Here we go. These are likely the final independent polling numbers we'll see for the gubernatorial recall election in Wisconsin tomorrow.
Two public opinion polls released on Sunday show Wisconsin Republican Governor Scott Walker with a lead of three and six percentage points two days before the election to recall him because of a new law reducing the power of public sector unions.
Public Policy Polling, a Democratic polling firm, said Walker was leading 50 percent to 47 percent over Democratic challenger Milwaukee Mayor Tom Barrett in its final survey. Angus Reid polling had Walker ahead 53 percent to 47 percent. Both findings were within the margin of error so the results could be even tighter.
The PPP margin of three percentage points compared with a five-point Walker lead in their survey three weeks ago.
"If the folks who turn out on Tuesday actually matched the 2008 electorate, Barrett would be ahead of Walker by a 50-49 margin," says PPP's Tom Jensen. "It's cliche but this is a race that really is going to completely come down to turnout... This is a close race, closer than it was a couple weeks ago. Scott Walker's still the favorite but Barrett's prospects for an upset look better than they have in a long time."
Meanwhile, Democratic internal numbers look much closer. Prior to the release of the much-anticipated PPP findings, dems announced their numbers showed about as close to an actual tie as you're ever going to see: 47.8% Walker to 47.7% Barrett.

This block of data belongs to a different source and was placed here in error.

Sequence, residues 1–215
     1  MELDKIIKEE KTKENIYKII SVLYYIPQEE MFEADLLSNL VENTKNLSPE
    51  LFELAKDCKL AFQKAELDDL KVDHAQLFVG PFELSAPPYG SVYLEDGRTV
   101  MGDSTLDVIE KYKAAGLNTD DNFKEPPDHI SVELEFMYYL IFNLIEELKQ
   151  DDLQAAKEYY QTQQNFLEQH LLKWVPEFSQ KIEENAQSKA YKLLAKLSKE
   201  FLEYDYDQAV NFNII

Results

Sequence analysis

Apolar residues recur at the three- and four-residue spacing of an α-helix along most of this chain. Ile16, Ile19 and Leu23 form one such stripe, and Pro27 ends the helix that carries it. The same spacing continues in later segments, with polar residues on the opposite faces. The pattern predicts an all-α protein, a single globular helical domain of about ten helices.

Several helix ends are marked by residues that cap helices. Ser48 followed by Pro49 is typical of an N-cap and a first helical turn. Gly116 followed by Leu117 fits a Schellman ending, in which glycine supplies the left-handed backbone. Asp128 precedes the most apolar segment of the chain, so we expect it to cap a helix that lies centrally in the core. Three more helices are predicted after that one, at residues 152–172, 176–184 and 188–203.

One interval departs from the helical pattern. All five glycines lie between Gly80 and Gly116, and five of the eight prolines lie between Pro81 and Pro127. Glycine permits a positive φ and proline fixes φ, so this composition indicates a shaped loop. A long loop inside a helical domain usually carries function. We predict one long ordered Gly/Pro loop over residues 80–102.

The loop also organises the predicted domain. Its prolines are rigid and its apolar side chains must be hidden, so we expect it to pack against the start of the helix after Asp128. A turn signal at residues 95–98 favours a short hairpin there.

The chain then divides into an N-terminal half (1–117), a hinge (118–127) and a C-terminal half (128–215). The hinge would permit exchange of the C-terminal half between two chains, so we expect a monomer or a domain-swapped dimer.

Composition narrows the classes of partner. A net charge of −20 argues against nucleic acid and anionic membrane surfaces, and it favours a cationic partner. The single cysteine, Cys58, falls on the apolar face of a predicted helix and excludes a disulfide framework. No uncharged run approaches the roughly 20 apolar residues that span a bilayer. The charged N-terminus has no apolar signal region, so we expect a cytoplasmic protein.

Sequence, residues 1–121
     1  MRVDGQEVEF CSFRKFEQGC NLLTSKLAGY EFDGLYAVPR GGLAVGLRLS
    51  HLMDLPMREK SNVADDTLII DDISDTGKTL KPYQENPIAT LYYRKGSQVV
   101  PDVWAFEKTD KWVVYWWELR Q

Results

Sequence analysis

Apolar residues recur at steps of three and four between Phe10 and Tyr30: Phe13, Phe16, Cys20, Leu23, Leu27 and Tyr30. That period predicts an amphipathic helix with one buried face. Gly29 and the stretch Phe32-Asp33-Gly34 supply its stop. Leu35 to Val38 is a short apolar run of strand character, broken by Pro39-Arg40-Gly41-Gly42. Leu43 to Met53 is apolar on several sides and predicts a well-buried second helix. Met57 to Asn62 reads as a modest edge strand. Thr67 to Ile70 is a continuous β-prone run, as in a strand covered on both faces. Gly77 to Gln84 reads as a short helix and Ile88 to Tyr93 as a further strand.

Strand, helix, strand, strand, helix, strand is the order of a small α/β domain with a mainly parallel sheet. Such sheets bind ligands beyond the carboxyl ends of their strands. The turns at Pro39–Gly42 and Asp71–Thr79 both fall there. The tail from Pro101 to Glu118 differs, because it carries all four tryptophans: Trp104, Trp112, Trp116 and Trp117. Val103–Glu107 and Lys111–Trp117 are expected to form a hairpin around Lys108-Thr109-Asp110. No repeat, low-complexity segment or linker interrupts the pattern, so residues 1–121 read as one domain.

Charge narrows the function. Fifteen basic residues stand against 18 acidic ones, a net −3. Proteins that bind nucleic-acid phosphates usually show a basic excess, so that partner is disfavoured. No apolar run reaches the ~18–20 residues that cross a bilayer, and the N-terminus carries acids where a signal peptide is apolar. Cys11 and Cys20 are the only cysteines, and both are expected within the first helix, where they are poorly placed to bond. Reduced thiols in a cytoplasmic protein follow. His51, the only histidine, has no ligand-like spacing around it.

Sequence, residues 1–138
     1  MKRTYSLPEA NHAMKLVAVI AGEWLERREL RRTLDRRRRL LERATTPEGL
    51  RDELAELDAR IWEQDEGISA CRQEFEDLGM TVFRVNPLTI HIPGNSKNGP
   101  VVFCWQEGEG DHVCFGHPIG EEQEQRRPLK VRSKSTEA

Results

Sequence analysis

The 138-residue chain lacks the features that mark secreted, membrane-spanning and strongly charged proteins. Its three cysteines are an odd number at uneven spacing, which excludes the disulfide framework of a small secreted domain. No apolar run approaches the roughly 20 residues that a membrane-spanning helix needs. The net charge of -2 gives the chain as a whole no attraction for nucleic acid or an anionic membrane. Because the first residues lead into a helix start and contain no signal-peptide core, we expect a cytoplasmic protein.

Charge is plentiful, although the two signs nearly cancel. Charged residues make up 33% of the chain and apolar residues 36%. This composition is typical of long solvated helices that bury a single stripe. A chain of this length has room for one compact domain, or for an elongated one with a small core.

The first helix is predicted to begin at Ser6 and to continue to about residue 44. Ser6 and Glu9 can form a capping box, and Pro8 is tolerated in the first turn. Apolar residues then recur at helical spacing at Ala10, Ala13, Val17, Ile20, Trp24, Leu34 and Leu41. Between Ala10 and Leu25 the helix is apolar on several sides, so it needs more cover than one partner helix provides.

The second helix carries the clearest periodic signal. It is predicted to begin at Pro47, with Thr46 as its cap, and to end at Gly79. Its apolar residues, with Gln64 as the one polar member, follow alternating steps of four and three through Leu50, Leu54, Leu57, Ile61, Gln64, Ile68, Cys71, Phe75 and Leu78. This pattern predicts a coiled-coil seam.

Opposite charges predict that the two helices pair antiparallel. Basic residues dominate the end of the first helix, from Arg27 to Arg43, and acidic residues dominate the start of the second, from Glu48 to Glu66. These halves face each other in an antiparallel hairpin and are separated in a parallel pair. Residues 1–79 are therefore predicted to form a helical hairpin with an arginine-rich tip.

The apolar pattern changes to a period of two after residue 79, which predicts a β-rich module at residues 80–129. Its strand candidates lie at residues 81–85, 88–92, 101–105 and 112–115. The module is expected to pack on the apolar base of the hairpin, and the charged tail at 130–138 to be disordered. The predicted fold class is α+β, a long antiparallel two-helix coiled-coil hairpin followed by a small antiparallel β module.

Throughout this race, Democratic numbers have been much better for Barrett than independent ones. It's easy to write off dem internals as spin, but the truth is that these are the numbers they're relying on to track the progress of their work. If the numbers are bad, then they're no help at all. Democrats have every incentive to create the most accurate and predictive polling results out there. So why the difference between their numbers and independent numbers?
To explain that, allow me to tell you a brief story. In 1998, Russ Feingold was in a tight reelection race against Republican Mark Neumann, who was favored to win. Come election day, Russ eked out a 2% margin of victory over Neumann, thanks to massive turnout in Milwaukee and Dane Counties. "It looks like Dane County's chosen their senator," Republican then-Gov. Tommy Thompson said of the result. It's not a lesson that state Democrats are likely to have forgotten.
Democrats and unions have been targeting Milwaukee and Dane especially. That's where the big organization advantage they have comes from -- huge crowds of blue state voters, all bundled together for easy access. Phone banking in rural areas is one thing, but door-to-door canvassing in urban centers is another. Recall supporters have had much more face-to-face talks with voters and aggressive organizing in Milwaukee and Dane are the explanation for that.
So, if you knew turnout was going to be higher in the areas you've been targeting, wouldn't you want your polling sample to reflect that? If dem polling disagrees with indie polling because the Democrats are oversampling Milwaukee and Dane, then I'd put my money on dem polling as the most predictive. Behind the scenes talk right now is turnout in Dane of 70-80% (based on early voting numbers) and I don't know what they're expecting in Milwaukee -- but I do know that the organizational effort there is of heroic proportions. They'll have vans running all day tomorrow, taking voters to the polls.
In the end, the cliche is true -- what matters here is turnout. But just as true is that it matters a great deal where that turnout is heaviest.
[image credit: adapted from a photo by ra_hurd, via Flickr]